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Self-Sufficiency is a Myth – Or is it?

 

I like to look at my blog and podcast stats.  In fact I’ve been told that I obsess over them a bit.  That may be true but it does help me understand things.  I can determine which podcast subjects people like (and which they don’t).  I can also see what search terms are coming up and I can react appropriately. 

Sometimes I see a search term that makes me do a double take.  Some are just plan odd and I wonder how they even point to my site.  An example of this is: “Aphid Sucking Mouth Parts”.  But sometimes I find one that actually applies and how they got to this site is easily explainable but the term is directly converse to something I teach (or attempt to at least).

Among this week’s search terms was “Self Sufficient is a Myth”.  I wonder if they found my site and changed their mind.  Probably not, I haven’t done a very good job illustrating this.  Thus today’s post.

I’ve spoken about the reasons to garden and I won’t rehash them here. I’ve touched a bit on how much money you can save by growing your own food.  I wanted to spit out some hard facts and data about food production.

 Let’s start with this (and I use my own family as an example):

Calorie requirements per person per day.

Jason =3000

Gretchen=2700

Jackson=1500 (estimated)

Total requirement=7200

So now what percentages of the calorie needs must be met by each individual macronutrient.  The USDA (FWIW) says: 

 18% protein, 29% fat, 53% carbohydrates

Break that down further.  So of our 7200 calories we need 1296 calories of protein, 2088 of fat and 3816 of carbs.  Or in grams:  324P, 232F and 954C per day. 

Per year? – 2,628,000 Cal, 473, 040P, 762,120F, 1,392,840C (Pounds (converted from grams)=260P, 186F, 766C)

 

Now let’s say I plant one pear tree.  That pear tree has a decent year (plant more diversity to ensure this!) and I get 300 pounds of pears (not unreasonable at all). 

The nutritive value of a pear at 166 grams or 0.3652 pounds is 26C and 1P.  Extrapolated out to 300 pounds of pears we get about 285 pounds of Carbs and about 15 pounds of protein.  Essentially satisfying 37% of your carbohydrate requirements and 4% of your protein requirements.  That’s not just me but for my entire family!  Three more pear trees and I can get 100% easily of the carbohydrate requirements. 

Now this system isn’t perfect.  It assumes good harvests and that you’ll never get tired of pears.  But I assume that you’ll practice diversity! 

In addition, fat and protein are harder to get with vegetable sources but it can be done.  Grow beans and asparagus for protein and nuts for fats.  There are, of course, trace amounts of each in most fruits and vegetables.  And I mean come on, who can’t cast a line or shoot a shotgun?  But I’ll save that for another day.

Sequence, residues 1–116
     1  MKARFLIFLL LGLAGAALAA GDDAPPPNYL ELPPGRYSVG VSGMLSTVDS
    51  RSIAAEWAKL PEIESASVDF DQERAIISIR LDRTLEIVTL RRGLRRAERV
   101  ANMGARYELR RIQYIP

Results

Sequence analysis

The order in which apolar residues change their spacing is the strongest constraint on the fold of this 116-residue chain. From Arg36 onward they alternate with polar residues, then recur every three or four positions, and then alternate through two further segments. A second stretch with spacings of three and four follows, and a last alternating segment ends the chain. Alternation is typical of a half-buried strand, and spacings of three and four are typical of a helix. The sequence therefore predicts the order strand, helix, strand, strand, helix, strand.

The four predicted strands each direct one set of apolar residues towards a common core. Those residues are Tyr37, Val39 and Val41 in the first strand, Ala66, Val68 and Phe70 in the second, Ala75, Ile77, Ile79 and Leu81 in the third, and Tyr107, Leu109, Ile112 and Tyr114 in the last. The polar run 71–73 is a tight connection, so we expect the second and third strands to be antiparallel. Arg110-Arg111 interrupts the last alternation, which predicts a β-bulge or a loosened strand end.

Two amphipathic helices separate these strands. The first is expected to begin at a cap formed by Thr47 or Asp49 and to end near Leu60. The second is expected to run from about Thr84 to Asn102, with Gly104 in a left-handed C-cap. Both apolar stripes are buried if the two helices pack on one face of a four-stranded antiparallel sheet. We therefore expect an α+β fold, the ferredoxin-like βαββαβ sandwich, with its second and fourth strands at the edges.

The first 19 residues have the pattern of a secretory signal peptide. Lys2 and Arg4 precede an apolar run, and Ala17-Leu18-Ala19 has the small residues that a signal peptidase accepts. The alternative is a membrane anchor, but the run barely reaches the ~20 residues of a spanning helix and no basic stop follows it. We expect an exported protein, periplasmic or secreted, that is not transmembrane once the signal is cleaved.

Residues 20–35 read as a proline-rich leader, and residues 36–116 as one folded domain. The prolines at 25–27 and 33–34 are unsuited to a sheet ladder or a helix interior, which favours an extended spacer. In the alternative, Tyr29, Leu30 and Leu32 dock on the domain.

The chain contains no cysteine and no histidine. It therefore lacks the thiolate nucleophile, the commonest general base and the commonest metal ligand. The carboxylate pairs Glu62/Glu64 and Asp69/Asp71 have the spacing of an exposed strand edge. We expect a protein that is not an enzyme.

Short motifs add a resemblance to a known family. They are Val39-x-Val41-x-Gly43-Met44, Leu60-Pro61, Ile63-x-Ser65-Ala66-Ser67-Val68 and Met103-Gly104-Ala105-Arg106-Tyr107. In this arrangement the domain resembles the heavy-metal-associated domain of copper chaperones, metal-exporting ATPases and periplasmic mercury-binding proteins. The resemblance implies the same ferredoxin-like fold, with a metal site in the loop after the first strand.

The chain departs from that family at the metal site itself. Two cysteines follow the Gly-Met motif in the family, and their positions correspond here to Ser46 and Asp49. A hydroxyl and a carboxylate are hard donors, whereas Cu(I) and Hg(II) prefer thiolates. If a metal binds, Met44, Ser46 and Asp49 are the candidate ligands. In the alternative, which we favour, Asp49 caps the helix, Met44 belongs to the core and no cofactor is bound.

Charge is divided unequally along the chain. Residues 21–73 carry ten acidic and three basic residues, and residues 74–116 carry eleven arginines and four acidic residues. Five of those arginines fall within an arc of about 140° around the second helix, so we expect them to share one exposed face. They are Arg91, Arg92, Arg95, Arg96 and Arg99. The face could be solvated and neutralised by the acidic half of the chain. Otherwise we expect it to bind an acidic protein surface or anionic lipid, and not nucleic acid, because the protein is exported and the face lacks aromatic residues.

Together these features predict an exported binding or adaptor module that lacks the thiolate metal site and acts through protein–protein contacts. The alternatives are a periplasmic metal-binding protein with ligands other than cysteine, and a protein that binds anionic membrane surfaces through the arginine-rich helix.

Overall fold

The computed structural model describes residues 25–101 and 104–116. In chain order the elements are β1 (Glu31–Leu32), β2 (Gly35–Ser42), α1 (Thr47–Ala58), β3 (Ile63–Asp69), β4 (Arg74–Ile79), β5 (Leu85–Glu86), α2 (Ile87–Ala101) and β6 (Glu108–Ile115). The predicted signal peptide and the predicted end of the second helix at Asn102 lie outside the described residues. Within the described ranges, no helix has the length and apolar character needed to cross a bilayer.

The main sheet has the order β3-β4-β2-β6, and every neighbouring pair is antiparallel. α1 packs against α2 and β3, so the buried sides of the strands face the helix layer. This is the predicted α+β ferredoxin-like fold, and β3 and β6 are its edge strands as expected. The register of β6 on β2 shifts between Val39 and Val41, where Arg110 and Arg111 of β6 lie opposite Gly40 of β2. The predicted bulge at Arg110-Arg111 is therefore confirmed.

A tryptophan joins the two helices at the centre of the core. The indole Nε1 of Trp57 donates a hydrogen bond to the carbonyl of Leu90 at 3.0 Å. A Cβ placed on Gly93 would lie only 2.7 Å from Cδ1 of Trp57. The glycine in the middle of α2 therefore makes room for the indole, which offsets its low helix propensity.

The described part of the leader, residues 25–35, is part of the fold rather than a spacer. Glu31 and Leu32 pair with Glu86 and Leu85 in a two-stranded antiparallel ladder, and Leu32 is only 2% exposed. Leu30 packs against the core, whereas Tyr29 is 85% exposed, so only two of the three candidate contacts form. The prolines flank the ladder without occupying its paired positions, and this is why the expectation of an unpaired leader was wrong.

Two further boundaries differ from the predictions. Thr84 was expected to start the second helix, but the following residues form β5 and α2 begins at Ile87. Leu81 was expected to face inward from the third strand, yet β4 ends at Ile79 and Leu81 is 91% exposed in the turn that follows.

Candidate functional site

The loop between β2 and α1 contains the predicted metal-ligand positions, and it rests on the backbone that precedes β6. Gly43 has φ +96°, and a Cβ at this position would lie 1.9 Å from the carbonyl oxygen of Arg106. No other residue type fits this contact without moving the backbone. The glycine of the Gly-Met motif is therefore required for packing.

The point is that you can provide enough food to be self-sufficient and no ITS NOT A MYTH!

5 comments to Self-Sufficiency is a Myth – Or is it?

  • I’m also hooked on stats from my blog.  It is just amazing what people will search on.

    I view self sufficiency as a goal that I strive to reach.  Every year my garden produces a little more.  Every year, I am able to process just a bit more.  This year I was able to can all the green beans I need for the next year, I only grew about 75% of them.  So I’m not at 100% self sufficiency on green beans, but I’m getting close.

    I will never be 100% self sufficient.  I’m not going to fool myself about that.  But I can be just a little more self sufficient than I was just last year.

  • Jason

    That’s pretty much the way I view it.  I find it counterproductive when people discourage others with the statement that its a myth.  Its pretty much something to aspire to even if never achieved.

  • Anonymous

    You and I can plant a pear tree and grow vegetables and nuts for ourselves very easily. But how much impact does that have compared to all the people living in concrete towers who can’t even if they wanted to?

  • Jason

    Well we choose to cede some of our food growing responsibility to trade our labor for money and other things.  The people in concrete towers have ceded it all.  That way of living is not for me.

    But what impact does us growing our food have on them?  I could pull the Ayn Rand objectivist argument and say I worry about me and my family but the truth is that I worry about those people too (albeit less).  They can cede their responsibility and hope they can trade their labor for food.  By us putting less demand on the system we are making their food cheaper.  Or they can grow a rooftop garden or herbs in a window.  Or they can find a community garden and get a plot.

    Jason

  • Anonymous

    arrghhh…don’t pull out Ayn Rand! I expect better from you than that! None of us can possibly worry about millions of urban dwellers we don’t know personally. I worry about the impact of their decisions on the options that are left to all of us as a result.

    Is cheaper food a good thing? I don’t think it means people will share. We used to spend a lot more for our food as a percentage of income and care about more relative to its cost.

    Sorry I’m rambling and getting off topic from your post. sure sign its time for bed.

    I like what you are doing by the way.